One Year after the Disaster

While eating my breakfast, I watch the morning drama on NHK BS Premium from 7:30. I take a good look at the newspaper as well. Then from 7:45, after the drama has finished, I enjoy a program on local communities called Satoyama. It's a very heartwarming program that brings back memories of my own local hometown.

This program also makes me feel sorrowful, though, when I think of the people of Fukushima Prefecture who have been driven from their homes and communities. I can't help but feel sorry for the hometowns themselves, too. I am full of gratitude to the NHK broadcasting team for continuing to air this program almost every morning over the past year.

One year has passed since the Great East Japan Earthquake and nuclear power station catastrophe. Nevertheless, looking at the tardy response and failure to get the disaster area firmly back onto a track of recovery and reconstruction, I feel incensed that Japan has become such an irresponsible country. When the disaster occurred, I thought the government should declare a supra-legal state of emergency and act swiftly in response?especially since the nuclear power station accidents had created such an extremely dangerous situation. Apparently, however, there was no law in Japan for issuing a state of emergency declaration.

Just before the disaster in Japan, a massive earthquake occurred in New Zealand, and there a state of emergency was declared immediately. When I see how much they have achieved in reconstruction, I can't help wondering what the Japanese government thinks about human life. It makes me feel so angry. The government just observes and thinks about the disaster from its cozy offices in Tokyo as if it were another world entirely.

At the time of the disaster, then Prime Minister Naoto Kan put on a show of concern by going up in a helicopter and observing the Fukushima Daiichi Nuclear Power Station from a distance, but even a year later, under a new prime minister, the problem basically has not changed at all. The irresponsibility simply amazes me. What is the cause? I think the government's new Reconstruction Agency is symbolic of the problem in that it straddles 5 ministries and 40 projects and is nothing more than a battleground of separate interests. Coupled with the government's lack of timely policies, the cause of the delay in reconstruction is this bureaucratic sectionalism.

On the occasion of the Great Hanshin-Awaji Earthquake in 1995, then Prime Minister Tomiichi Murayama declared a policy of "Anyway, we must save lives" and dispatched Minister Sadatoshi Ozato to the scene. Murayama remained on alert at the prime minister's office around the clock and responded speedily to the situation. Partly as a result, recovery and reconstruction proceeded smoothly. With that example in mind, everyone thought that a similar response would be made following the Great East Japan Earthquake. I read in the newspaper that the scale is different this time, but it is not a question of scale. It is a question of principles and attitudes. The government's unprincipled and bungling initial response created the confusion that followed and continues even today.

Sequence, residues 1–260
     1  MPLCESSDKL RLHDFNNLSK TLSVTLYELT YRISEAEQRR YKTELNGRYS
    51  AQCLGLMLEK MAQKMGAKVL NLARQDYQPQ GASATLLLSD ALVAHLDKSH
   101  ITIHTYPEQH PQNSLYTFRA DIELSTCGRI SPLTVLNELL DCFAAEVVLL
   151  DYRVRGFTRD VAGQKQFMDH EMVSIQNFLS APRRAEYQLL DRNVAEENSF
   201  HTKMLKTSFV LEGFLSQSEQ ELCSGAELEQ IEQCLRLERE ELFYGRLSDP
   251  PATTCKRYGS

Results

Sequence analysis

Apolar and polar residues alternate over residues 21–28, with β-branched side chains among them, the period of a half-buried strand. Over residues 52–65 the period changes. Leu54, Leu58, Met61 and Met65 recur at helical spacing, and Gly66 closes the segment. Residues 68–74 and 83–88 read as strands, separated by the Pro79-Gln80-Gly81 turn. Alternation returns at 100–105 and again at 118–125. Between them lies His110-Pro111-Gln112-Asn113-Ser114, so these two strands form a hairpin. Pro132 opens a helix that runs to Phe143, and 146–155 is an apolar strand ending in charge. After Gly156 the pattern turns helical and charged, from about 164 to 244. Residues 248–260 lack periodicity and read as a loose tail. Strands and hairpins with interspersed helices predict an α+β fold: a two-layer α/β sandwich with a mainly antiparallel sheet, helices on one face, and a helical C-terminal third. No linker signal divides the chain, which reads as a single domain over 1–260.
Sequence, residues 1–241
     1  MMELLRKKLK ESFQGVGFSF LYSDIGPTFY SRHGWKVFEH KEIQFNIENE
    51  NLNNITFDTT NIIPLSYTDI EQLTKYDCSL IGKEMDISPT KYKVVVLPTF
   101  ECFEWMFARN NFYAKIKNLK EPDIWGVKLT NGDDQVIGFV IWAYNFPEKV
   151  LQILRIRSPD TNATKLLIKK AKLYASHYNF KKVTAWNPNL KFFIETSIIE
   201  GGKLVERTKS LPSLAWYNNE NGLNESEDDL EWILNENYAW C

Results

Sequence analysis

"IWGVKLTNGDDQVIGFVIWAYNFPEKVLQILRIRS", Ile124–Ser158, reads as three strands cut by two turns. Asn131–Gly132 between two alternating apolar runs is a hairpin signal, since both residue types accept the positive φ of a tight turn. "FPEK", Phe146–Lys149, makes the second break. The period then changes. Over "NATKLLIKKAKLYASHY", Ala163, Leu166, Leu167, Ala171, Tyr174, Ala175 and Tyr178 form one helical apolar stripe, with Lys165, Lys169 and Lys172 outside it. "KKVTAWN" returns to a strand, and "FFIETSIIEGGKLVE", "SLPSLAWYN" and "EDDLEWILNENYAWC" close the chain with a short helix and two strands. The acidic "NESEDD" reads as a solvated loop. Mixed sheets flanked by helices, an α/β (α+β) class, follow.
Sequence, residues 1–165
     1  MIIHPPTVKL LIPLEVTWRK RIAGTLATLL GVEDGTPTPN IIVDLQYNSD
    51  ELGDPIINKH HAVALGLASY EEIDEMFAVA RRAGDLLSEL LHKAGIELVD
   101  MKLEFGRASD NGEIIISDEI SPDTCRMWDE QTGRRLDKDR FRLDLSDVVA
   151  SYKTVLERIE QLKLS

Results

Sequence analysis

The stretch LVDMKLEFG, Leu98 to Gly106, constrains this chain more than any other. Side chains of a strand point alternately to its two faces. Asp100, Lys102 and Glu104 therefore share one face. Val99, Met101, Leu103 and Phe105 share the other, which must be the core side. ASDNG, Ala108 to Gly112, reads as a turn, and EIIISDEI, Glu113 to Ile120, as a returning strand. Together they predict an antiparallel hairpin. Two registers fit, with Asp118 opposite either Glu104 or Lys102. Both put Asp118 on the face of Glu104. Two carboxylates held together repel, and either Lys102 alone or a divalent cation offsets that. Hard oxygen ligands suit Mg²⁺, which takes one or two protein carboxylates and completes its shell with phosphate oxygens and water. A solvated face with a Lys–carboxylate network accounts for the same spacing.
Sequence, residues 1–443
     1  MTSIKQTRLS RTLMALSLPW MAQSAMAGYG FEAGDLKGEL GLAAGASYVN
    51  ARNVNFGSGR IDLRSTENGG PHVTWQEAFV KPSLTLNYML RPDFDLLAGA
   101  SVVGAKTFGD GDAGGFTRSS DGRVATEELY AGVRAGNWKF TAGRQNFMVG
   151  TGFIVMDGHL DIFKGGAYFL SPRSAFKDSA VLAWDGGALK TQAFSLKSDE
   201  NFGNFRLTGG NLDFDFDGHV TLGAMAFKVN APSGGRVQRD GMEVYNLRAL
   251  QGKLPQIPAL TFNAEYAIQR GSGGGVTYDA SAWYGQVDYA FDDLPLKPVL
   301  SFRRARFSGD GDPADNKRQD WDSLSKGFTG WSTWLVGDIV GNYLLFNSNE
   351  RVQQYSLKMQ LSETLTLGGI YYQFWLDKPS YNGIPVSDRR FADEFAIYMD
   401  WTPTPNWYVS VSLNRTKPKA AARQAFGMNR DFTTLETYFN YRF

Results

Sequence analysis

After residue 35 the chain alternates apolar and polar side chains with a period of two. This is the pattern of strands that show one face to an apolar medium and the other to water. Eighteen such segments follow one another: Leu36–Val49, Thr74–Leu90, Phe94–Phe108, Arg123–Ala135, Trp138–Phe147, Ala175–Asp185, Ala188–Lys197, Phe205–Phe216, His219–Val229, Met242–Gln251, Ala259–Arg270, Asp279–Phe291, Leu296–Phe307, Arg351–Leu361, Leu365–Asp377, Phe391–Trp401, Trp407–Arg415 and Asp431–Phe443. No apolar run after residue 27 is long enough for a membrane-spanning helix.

The present administration declared that the nuclear power station disaster had stabilized, but the Japanese people must have wondered what on earth it was talking about. Powerfully and at top speed, the government should grasp a full picture of the disaster and execute a reconstruction plan that penetrates through to the very essence of the problem.

The other day I was riding in a taxi, and it turned out that the driver was from Fukushima and had been driven away from his home by the nuclear disaster. "Elderly people living in temporary housing are becoming depressed, and there have even been some deaths," he said. "If people had even a tiny bit of space, they could grow flowers and vegetables there. It would give them something to do." He also remarked bitterly, "And all this talk about protecting personal information, it's so irritating. When I heard that a family member or relative was in hospital, I telephoned to see how they were, but the hospital staff said they couldn't tell me because it was personal information and hang up. At times like these, they should show a little more consideration."